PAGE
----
Lebesgue measure

September 15th, 2019

I spent most of the day today with my brother. One of the things he and I share is a deep love of mathematics.

There was a point over coffee during the afternoon when we were in excited discussion about various mathematical topics. To me, the best part was when we were talking about the theory of Lebesgue measure.

Henri Lebesgue was a french mathematician who, while still in his twenties, wrote one of the most important Ph.D. dissertations in the history of mathematics. He basically created, for the first time ever, a truly general foundation for answering the question “What is the actual size of a shape — even an incredibly weird and gnarly looking shape?”

Being able to provide a good answer to this question touches on pretty much every scientific field, including biology, chemistry, physics, robotics, statistics. His insights pretty much opened the floodgates of early twentieth century math, ushering in a whole string of exciting intellectual discoveries by many brilliant people.

The way Lebesgue approaches and develops a proof of his theory is one of the most beautiful things in all of mathematics. Alas, I am not sure there is a good way for me to properly share his thinking within the limits of a blog post.

But I can definitely share a measure of my excitement.

Calm before the storm

September 14th, 2019

i took today off.
now all is calm. tomorrow
will bring new storm clouds.

Zom Com Rom Dram Qualm

September 13th, 2019

I just finished binging the fifth and last season of iZombie. Even though it was a show about zombies, it wasn’t really scary, since the central character was an extremely sympathetic (and often quite funny) zombie.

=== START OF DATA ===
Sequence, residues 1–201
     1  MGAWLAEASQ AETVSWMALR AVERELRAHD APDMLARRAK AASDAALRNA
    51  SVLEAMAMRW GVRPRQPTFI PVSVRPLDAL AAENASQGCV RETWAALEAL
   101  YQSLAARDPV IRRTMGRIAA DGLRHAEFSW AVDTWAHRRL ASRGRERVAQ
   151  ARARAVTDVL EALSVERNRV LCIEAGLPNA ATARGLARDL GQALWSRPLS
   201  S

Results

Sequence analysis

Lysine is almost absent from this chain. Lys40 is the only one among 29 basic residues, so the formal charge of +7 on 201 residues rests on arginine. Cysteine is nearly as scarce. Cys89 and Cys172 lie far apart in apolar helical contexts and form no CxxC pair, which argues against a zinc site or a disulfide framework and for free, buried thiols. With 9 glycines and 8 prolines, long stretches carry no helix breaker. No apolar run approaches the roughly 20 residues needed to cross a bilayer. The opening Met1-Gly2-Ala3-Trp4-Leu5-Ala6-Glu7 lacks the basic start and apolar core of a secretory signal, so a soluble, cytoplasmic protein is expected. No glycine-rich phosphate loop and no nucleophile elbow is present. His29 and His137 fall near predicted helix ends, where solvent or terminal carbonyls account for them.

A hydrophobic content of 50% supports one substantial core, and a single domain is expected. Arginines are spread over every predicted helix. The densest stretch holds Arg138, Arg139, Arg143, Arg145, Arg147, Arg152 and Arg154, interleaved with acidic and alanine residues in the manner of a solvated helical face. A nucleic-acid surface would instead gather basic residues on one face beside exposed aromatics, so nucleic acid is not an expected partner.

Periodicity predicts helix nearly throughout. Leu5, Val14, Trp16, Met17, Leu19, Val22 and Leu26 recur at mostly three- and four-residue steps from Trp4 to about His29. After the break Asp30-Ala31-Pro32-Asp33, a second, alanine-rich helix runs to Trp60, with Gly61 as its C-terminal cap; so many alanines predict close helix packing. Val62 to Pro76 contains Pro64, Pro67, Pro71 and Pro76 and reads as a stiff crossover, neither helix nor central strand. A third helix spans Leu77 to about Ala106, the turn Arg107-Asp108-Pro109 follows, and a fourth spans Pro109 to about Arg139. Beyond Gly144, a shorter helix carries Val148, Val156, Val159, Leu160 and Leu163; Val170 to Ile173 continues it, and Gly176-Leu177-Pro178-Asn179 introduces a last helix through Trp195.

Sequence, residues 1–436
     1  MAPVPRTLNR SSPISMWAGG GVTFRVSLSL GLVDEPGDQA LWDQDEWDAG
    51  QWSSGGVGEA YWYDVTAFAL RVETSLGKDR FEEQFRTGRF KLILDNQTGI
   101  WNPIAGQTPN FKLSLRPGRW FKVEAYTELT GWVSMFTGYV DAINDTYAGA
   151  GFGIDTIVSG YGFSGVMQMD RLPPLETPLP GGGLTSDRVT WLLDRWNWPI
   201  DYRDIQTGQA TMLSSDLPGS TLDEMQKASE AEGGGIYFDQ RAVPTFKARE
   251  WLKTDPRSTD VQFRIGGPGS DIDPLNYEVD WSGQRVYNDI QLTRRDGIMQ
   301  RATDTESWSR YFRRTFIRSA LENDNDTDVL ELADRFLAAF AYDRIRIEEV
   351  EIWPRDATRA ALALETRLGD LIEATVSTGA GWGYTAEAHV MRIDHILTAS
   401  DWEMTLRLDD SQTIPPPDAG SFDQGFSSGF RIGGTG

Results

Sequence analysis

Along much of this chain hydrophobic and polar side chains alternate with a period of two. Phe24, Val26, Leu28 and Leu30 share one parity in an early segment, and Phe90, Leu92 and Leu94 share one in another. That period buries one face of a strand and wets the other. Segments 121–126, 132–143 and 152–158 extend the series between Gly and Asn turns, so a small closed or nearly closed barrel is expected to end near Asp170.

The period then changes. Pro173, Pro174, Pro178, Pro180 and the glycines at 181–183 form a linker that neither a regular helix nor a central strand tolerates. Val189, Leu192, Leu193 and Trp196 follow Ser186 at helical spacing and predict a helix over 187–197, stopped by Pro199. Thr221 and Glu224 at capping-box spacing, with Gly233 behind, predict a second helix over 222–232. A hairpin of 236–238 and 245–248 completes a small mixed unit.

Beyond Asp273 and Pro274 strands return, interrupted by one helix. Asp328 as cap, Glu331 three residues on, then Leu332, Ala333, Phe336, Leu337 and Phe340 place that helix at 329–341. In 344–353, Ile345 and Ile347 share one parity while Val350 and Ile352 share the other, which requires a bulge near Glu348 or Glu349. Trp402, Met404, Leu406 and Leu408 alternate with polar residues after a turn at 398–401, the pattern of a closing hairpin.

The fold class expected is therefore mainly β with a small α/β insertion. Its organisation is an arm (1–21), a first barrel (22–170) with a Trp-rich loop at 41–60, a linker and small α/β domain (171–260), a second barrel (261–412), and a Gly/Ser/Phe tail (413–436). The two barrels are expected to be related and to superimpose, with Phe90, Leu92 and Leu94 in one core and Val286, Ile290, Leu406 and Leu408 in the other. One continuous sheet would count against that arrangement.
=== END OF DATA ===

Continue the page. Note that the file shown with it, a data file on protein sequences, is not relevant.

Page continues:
Which was a nice twist. I can’t say I thought the show was high art, but I appreciated it immensely as social and political satire with very witty dialog.

Alas, iZombie is now over, and will be no more. I, for one, will miss it. After all, it’s not every day you get to see a truly superior Zom Com Rom Dram*.

Then again, one day somebody might try to bring it back from the dead, the way other beloved shows have been brought back, like Lost in Space, Get Smart, Dynasty, MacGyver, Knight Rider and Charlie’s Angels.

Just think, some day we may get to see a zombie version of iZombie. Now that would be truly scary.

 

* Zombie Comedy Romance Drama

Stranger than Fiction

September 12th, 2019

Suppose you woke up one day and realized that you had been transported to an absurdist parody of reality. This is a common trope in cinema. Many films, including Back to the Future, Groundhog Day, Pleasantville, Stranger than Fiction, Idiocracy and Isn’t it Romantic, to name just a few among many, start with this very premise.

Of course these are merely movies. As much as we might find them entertaining or thought provoking, we understand that they are only fiction.

In real life we expect things to be at least a little bit sane. Which is why I was caught off guard by Sharpiegate.

Our elected political leader is doubling down on a lie so utterly petty and ridiculous, so head slappingly stupid, that it could not possibly be part of any sane reality. As though we had suddenly discovered that our elected leader was Derek Zoolander.